The deluge of data available to marketers has resulted in “data blindness”. We stare at graphs and charts on a screen, and struggle to draw any insight at all – let alone on a regular basis. What’s become so readily available is often set up because we know it should be (think Google Analytics, AdWords, heat mapping, IP tracking, email marketing…the list goes on).

Yet we’re not using it to inform actions, celebrate what we’re doing well, and perhaps more importantly, change what we’re doing not so well – we’ve become data blind.

However, putting simple processes and reporting in place is often all we need to draw insight, demonstrate the effectiveness of digital marketing and identify quick wins (as well as digital’s impact on the bottom line).

But how? Google Analytics is a powerful tool and it’s likely you already have it installed on your site.  However, without knowing what to look for, the data collected is doing nothing for you. Start using this data effectively today and write down a list of questions that you need your data to answer. Custom Google Analytics dashboards should then be set up to isolate what’s important to you and facilitate “at-a-glance” viewing of key metrics – PDFs of these dashboards can be exported and emailed to stakeholders as reports too (for rapid reporting!), and the data compared with any time period.

If you’re not sure where to start when setting up your dashboard, consider if it would be useful for you to find out answers to the following:

“What channel are my visitors coming from?”

Perhaps you’ve spent time on promoting your business on social media and now you want to compare the traffic you’ve received from this channel with previous periods?  Pull into your dashboard a widget (in table format) to display “medium” as your dimension and “sessions” as your metric. To find out if your traffic from search engines has increased, consider comparing data year on year (hopefully your organic traffic has increased if you’ve invested in developing your content).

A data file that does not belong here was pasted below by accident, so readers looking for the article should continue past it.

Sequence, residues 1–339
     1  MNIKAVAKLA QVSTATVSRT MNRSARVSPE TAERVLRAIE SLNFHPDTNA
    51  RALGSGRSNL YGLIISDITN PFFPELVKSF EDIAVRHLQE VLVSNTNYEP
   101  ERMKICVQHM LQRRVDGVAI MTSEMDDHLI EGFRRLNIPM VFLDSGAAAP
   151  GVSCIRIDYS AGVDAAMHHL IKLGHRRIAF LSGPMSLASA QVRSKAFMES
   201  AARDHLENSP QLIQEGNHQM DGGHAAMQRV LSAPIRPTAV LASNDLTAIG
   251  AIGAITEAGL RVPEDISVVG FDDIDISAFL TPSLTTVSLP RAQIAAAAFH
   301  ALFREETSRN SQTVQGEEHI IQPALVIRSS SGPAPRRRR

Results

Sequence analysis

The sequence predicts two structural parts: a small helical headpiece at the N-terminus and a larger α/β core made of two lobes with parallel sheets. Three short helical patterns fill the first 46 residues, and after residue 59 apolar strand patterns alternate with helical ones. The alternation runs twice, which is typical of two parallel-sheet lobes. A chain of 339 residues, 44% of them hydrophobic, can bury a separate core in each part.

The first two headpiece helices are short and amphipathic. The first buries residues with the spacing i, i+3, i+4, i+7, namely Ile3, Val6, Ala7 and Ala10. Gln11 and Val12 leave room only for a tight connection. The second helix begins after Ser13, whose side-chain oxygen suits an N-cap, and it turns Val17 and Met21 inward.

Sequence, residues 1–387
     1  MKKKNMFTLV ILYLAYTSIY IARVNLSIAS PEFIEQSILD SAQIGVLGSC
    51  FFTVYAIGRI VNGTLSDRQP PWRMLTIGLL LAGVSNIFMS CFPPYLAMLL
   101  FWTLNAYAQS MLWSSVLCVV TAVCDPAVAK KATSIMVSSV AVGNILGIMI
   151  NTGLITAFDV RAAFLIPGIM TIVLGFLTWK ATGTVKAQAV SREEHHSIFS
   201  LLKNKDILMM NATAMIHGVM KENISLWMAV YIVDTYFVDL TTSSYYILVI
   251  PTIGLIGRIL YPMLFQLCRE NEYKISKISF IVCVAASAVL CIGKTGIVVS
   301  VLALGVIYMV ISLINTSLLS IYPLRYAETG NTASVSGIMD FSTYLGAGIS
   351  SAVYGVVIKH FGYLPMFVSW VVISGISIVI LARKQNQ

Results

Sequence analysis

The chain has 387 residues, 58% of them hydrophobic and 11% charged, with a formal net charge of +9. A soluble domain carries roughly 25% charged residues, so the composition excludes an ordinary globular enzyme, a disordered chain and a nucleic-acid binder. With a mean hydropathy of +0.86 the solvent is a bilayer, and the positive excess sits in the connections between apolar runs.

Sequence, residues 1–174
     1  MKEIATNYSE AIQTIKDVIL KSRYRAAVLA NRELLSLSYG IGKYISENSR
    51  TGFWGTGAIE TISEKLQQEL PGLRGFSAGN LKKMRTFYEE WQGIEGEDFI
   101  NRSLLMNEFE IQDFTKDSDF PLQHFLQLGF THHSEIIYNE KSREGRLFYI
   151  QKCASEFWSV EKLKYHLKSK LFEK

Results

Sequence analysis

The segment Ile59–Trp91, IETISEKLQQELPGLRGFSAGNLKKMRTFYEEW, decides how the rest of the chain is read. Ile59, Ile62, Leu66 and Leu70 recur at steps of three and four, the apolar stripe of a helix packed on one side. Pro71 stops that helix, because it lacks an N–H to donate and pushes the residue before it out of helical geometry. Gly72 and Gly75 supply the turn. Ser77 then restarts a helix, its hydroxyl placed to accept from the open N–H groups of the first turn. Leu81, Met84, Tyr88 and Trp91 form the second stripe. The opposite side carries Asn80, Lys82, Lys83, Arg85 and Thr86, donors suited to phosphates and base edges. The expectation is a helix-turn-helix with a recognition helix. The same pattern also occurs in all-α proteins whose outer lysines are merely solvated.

“I need to know how my site performs on mobile devices”

Create a widget to display the device category your users fall into (mobile, desktop, tablet). Go a step further and include bounce rate to determine the device category most engaged with your site (this might tell you that your mobile experience should be improved, for example).

“I need to know what content people are landing on and how many conversions these pages are responsible for”

 If you don’t have any form of conversion tracking set up, do that now. The simplest conversion to track is often a destination goal (tracking the URL that users see when they’ve completed a form or a purchase – usually this is a “thank you” page). Use your new Google Analytics dashboard to present the top landing pages that result in a conversion. Perhaps this will highlight pages that needs improving, or, on the flipside, pages that need heavily promoting.

Importantly, if your optimised content now appears in the top landing pages (but was nowhere to be seen a couple of months ago) your dashboard will show this off for you.

“What countries/territories do my site’s visitor’s reside in?”

Perhaps you have a significant proportion of visitors based in the USA landing on your site and converting – does this mean that you should localise a version of your site due to the evident gap in the market? It’s time to investigate.

“In which cities do my visitors live?”

Maybe you ran a print marketing campaign in Edinburgh and Glasgow encouraging people to visit your site as the call to action. Has this paid off? Pulling in a widget to display users at a city level (and comparing to the previous period) will help demonstrate the effectiveness of campaigns like this.

Of course, the examples above are only a few of the metrics that you might want to report on. Over time, you’ll be used to interpreting your dashboard reports and will want more and more insight – and evidence that your efforts are paying off. The lesson to be learned here is that reporting on digital marketing activity does not need to be complex. It’s simple to isolate the important stuff and place it at the forefront.

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